How did the film adaptation come about?
Peter Hall, who was born in Bury St Edmunds, was rather overwhelmed by the book when it first came out and he asked me to lunch and wanted to make it into a film and I refused because I couldn’t think how to do it but then I wrote a film treatment and we filmed it where the book was written – in Charsfield near Woodbridge – and it took over a year because we had to do it according to the farming year.
You had a cameo role in the film – what was that experience like?
That was Peter Hall’s idea. I was wearing the rector’s clothes! But I am actually a canon in the Church of England and a reader and I take the services here.
Akenfield and The View in Winter are both oral histories – why were these books important for you to write?
I’m not a proper oral historian. After I’d finished Akenfield, I was nursing an old friend and I felt there was a great literature for old age but people ignore it – right from the classics onwards, and it’s a special time for being alive – that’s what that book was about.
You’ve written all sorts of things: non-fiction, essays, novels, short stories – what are you happiest writing?
Essays but I also love writing short stories.
Have you ever been tempted to write more fiction?
One of my best books is out of print – it’s called The Assassin – that’s an historical novel which I think is one of the best things I’ve ever written.
Is there a book you still want to write?
I would like to write some more short stories.
You’re president of the John Clare Society. Can you tell us what that role involves and how you became such a passionate reader of his work?
John Clare was our greatest rural writer and he’s influenced all the great poets like Seamus Heaney and Ted Hughes. Ted Hughes and I got him into Poet’s Corner in Westminster Abbey. His brilliance wasn’t recognised until comparatively recently – he was an amazing writer. The literary society is the biggest in this country and we meet on his birthday at Helpston. He’s a fascinating writer and a great naturalist. One of those writers full of poems and words, and timeless in his way.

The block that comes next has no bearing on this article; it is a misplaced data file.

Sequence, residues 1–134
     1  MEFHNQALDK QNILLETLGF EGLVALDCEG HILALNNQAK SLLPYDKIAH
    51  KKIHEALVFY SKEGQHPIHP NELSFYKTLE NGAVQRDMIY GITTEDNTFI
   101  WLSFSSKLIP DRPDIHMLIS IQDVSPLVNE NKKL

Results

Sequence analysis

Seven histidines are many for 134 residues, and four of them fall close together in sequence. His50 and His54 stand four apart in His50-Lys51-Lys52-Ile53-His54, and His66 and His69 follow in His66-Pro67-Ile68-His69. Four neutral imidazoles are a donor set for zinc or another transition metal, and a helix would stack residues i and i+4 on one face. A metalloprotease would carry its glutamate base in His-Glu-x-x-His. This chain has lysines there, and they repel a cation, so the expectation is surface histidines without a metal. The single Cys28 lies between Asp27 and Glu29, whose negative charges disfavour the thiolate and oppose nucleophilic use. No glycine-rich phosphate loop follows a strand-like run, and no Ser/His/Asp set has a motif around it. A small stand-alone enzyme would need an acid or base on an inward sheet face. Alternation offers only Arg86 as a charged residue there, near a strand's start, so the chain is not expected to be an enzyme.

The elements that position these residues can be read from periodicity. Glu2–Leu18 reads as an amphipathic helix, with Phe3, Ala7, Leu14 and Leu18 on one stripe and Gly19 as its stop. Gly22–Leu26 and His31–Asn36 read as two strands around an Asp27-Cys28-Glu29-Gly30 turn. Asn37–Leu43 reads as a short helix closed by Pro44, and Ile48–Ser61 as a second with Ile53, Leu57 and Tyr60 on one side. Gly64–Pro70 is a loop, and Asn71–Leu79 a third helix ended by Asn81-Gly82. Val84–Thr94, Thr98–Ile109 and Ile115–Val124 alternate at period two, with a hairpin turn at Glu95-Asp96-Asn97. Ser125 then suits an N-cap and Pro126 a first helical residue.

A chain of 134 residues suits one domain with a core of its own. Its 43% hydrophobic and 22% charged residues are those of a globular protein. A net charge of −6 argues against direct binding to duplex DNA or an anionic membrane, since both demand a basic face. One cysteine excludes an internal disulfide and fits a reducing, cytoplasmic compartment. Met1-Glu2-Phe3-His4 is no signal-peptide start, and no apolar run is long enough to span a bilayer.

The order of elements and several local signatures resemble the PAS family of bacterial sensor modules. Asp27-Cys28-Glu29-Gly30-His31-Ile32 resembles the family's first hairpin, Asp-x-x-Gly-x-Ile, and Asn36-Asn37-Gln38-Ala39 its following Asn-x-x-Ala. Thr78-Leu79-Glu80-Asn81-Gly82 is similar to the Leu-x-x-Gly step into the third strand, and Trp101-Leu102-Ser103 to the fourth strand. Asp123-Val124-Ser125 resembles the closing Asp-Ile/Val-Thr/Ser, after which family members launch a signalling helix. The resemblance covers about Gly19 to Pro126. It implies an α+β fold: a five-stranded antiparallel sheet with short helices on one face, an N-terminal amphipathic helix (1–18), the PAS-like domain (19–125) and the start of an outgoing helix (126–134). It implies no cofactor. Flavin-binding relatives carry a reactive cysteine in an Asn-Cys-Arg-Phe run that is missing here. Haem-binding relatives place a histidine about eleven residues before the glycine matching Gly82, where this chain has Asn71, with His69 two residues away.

What do you enjoy reading most?
Thomas Hardy, Proust, literary memoirs, Victorian novels, natural history books and I read a lot of poetry.
What’s a perfect day for you?
Rather nice weather – here by myself – uninterrupted, getting up early and reading and writing all day. If it’s hot in summer, I write in the garden. A kind of solitude. I live alone and have never lived with anyone but I’m never lonely at all. I quite like days like that. I also like looking forward to something like friends coming at the weekend.
You write so beautifully about all the seasons and all types of weather but do you have a favourite season?
I do rather like different weathers but I do love it to be a hot summer’s day with all the windows open – that’s absolutely glorious and, of course, spring. The only thing I hate being is cold. I get snowed in in winter – but I don’t mind – it’s peaceful in a way and it doesn’t last very long.
What tips would you give someone wanting to write about nature?
You must observe – that’s the only answer. You must read and observe.
Your writing is so uplifting – you see beauty in even the bleakest winter day. Are you one of life’s optimists?
I’m philosophical rather than optimistic – I have a rational way of looking at existence. I suppose it’s a natural contemplation. That’s possibly what I am – somebody who’s contemplative by nature.
You seem very contented with your life and, in Out of the Valley, you say: “To be absorbed in what one has to do, that’s the secret.” Do you have any advice on how to live a happy life?
I’m not condemning so I never mind whatever people do if it keeps them happy. Basically, I’m an observer of people. I’m always amazed and surprised how interesting people are and how good they are.
I think the thing is to discover who you are and, if you can, be it – that’s the great thing. And I’ve always had loving friends. I’ve been very fortunate. I seem to be solitary but I’m not really. I’m very fortunate to have very good health and a lot of work to do.